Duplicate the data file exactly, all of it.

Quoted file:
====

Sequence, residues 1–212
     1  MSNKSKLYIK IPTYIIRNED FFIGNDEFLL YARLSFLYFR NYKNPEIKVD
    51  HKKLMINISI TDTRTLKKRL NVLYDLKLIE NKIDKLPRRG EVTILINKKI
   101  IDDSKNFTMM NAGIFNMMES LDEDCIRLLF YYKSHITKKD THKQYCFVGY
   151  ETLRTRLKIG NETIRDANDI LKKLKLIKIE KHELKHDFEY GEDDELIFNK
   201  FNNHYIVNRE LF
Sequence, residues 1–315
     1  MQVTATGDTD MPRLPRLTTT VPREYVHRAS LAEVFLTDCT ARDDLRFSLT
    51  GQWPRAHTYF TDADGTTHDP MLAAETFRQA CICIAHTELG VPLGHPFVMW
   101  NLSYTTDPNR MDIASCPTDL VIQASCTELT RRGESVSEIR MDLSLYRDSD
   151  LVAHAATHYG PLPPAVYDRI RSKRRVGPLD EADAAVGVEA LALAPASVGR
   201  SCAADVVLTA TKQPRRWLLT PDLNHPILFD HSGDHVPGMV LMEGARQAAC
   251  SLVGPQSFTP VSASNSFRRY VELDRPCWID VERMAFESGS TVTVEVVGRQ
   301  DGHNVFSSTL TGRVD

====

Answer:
Sequence, residues 1–212
     1  MSNKSKLYIK IPTYIIRNED FFIGNDEFLL YARLSFLYFR NYKNPEIKVD
    51  HKKLMINISI TDTRTLKKRL NVLYDLKLIE NKIDKLPRRG EVTILINKKI
   101  IDDSKNFTMM NAGIFNMMES LDEDCIRLLF YYKSHITKKD THKQYCFVGY
   151  ETLRTRLKIG NETIRDANDI LKKLKLIKIE KHELKHDFEY GEDDELIFNK
   201  FNNHYIVNRE LF
Sequence, residues 1–315
     1  MQVTATGDTD MPRLPRLTTT VPREYVHRAS LAEVFLTDCT ARDDLRFSLT
    51  GQWPRAHTYF TDADGTTHDP MLAAETFRQA CICIAHTELG VPLGHPFVMW
   101  NLSYTTDPNR MDIASCPTDL VIQASCTELT RRGESVSEIR MDLSLYRDSD
   151  LVAHAATHYG PLPPAVYDRI RSKRRVGPLD EADAAVGVEA LALAPASVGR
   201  SCAADVVLTA TKQPRRWLLT PDLNHPILFD HSGDHVPGMV LMEGARQAAC
   251  SLVGPQSFTP VSASNSFRRY VELDRPCWID VERMAFESGS TVTVEVVGRQ
   301  DGHNVFSSTL TGRVD